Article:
New Mexico Historical Review
Founded in 1926, the New Mexico Historical Review is one of the oldest and most distinguished historical journals in the country, publishing high-quality research on New Mexico, the Southwest, and Northern Mexico. For eighty-nine years the NMHR has published over three-hundred and fifty issues, amounting to more than one thousand individual articles by countless historians and scholars of New Mexico and the Southwest.
The NMHR offices have been staffed by editorial fellows from the history department since it came to UNM in the 1960s. Since then the NMHR has been a place for graduate students to gain skills in academic editing and publishing, while still actively pursuing their own research interests.
Latest Journal Issue - Summer 2014
In this issue:
- "Brave Christian Soldiers: The New Mexico Territorial Militia in the Civil War"
by Jerry D. Thompson
- "J.C. Penney in the Land of Enchantment: The Evolution of a National Department Store Chain in Twentieth-Century New Mexico"
by David Delbert Kruger
- "American Exceptionalism or Atlantic Unity? Frederick Jackson Turner and the Enduring Problem of American Historiography"
by Kevin Jon Fernlund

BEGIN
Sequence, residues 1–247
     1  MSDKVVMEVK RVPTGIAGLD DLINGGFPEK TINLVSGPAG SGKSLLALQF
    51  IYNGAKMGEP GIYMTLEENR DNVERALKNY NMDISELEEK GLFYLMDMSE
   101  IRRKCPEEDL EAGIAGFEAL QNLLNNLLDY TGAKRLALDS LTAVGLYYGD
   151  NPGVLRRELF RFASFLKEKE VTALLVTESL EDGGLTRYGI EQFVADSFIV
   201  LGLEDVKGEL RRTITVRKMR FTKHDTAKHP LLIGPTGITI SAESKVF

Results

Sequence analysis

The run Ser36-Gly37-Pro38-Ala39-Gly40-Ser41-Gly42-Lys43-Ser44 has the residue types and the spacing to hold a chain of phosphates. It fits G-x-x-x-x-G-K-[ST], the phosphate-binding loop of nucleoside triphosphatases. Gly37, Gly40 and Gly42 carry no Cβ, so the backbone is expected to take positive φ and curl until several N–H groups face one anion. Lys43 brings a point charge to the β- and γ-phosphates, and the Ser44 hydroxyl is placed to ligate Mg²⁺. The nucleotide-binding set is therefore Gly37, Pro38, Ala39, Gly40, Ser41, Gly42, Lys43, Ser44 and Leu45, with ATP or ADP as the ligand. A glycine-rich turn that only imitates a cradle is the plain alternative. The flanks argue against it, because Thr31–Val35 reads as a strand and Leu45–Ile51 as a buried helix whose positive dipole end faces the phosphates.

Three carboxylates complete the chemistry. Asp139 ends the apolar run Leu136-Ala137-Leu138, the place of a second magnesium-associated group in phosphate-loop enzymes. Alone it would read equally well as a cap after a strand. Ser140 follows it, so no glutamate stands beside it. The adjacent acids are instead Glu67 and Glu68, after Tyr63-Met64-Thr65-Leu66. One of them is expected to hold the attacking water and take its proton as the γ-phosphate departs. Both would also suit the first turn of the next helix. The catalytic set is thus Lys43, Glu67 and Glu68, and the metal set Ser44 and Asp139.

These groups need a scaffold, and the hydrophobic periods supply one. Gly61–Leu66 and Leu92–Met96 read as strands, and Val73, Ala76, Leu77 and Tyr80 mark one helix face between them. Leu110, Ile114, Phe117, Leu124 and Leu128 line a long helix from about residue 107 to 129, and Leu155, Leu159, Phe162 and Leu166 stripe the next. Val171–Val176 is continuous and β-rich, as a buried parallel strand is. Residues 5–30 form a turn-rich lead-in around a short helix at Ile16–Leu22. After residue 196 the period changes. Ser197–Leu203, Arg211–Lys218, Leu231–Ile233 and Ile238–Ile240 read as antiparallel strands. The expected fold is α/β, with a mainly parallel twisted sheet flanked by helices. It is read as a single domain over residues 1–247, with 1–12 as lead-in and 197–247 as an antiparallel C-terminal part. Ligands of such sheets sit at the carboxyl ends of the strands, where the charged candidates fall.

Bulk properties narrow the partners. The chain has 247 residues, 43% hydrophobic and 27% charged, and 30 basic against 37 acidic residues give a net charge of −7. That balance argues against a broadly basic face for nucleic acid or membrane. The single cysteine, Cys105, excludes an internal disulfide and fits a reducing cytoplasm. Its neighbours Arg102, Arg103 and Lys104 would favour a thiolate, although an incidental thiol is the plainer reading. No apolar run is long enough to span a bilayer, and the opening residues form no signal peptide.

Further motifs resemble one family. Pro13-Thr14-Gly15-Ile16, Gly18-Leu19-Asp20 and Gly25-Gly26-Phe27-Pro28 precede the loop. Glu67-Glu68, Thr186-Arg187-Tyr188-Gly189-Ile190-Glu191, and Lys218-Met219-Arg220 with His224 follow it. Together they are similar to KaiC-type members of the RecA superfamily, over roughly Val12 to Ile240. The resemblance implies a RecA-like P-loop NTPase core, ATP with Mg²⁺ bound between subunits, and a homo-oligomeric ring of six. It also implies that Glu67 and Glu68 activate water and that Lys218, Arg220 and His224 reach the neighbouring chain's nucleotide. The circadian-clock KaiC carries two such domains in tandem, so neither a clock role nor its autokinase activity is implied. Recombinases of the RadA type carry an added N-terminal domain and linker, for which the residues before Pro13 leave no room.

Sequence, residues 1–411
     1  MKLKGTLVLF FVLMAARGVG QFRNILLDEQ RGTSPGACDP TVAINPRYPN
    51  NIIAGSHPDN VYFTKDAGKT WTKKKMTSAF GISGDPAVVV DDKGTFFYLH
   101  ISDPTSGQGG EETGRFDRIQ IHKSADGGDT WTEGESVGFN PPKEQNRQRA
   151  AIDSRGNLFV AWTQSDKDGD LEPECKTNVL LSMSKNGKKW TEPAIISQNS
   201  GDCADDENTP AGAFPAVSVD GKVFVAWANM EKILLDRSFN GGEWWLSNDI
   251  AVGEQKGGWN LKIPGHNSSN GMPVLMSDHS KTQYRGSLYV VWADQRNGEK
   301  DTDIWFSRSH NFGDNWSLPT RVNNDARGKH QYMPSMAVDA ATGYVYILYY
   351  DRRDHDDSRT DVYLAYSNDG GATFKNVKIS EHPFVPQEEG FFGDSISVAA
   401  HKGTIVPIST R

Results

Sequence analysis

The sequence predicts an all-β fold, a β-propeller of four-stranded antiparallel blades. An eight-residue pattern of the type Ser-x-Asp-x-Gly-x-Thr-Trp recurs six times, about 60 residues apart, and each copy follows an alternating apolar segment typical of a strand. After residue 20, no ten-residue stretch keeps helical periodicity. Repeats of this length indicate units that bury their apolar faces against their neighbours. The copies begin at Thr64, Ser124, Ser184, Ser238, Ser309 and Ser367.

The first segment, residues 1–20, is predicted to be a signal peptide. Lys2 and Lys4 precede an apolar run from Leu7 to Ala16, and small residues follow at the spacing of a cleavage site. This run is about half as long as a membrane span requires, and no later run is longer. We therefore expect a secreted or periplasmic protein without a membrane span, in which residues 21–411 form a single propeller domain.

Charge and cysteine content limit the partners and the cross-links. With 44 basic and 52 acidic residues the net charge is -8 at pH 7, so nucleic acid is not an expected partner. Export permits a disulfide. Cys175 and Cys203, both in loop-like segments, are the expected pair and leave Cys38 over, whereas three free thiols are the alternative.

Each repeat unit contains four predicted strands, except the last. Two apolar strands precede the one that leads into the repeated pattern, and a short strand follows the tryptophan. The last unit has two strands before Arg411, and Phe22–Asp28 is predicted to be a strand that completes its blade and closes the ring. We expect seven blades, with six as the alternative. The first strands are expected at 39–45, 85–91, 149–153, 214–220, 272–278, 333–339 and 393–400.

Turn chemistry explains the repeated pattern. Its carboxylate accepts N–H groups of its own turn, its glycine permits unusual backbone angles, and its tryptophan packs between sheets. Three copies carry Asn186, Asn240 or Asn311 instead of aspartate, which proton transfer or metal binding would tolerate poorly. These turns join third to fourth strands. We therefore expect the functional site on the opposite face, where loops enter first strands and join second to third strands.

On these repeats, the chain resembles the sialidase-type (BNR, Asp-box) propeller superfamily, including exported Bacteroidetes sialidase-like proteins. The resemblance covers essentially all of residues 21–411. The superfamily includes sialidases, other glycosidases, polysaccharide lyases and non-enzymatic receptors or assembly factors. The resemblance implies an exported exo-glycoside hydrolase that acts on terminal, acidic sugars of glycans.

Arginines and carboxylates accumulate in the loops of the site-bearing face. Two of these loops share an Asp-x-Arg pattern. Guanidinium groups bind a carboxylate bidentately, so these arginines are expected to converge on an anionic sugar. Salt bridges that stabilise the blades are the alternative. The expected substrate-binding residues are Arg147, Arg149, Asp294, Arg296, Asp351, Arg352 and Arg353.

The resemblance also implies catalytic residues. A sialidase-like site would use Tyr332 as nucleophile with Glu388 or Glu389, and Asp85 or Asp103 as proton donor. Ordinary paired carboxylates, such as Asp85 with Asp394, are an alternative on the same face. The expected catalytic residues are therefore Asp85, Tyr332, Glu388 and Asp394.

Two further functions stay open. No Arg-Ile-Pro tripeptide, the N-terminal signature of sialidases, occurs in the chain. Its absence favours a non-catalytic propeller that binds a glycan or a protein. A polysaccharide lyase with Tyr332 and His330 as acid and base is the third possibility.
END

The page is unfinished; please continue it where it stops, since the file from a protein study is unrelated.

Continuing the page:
"J.C. Penney in the Land of Enchantment"
"Despite moving to New York in the summer of 1914, Penney still focused on his operation's expansion in the West, which included opening a new store in Albuquerque, a city of just eleven thousand residents. From his New York City headquarters, Penney secured the lease for a downtown location in the Melini Building on West Central Avenue between Fourth and Fifth Streets where the store would remain for nearly seventy years. Prior to opening the store in October 1915, the company took out a four-page advertisement in the Albuquerque (N.Mex.) Morning Journal to showcase its vast selection of merchandise and its attractive low prices. On opening day a reporter for the local newspaper thought that he would avoid what were sure to be busy daytime crowds by visiting later in the evening. To the reporter's surprise, the store had not only been crowded with customers since 9 a.m., but remained busy even into the night" (Kruger 326).
To purchase the current issue, a back issue, or a single article and for more information on submissions to the New Mexico Historical Review please visit the NMHR website.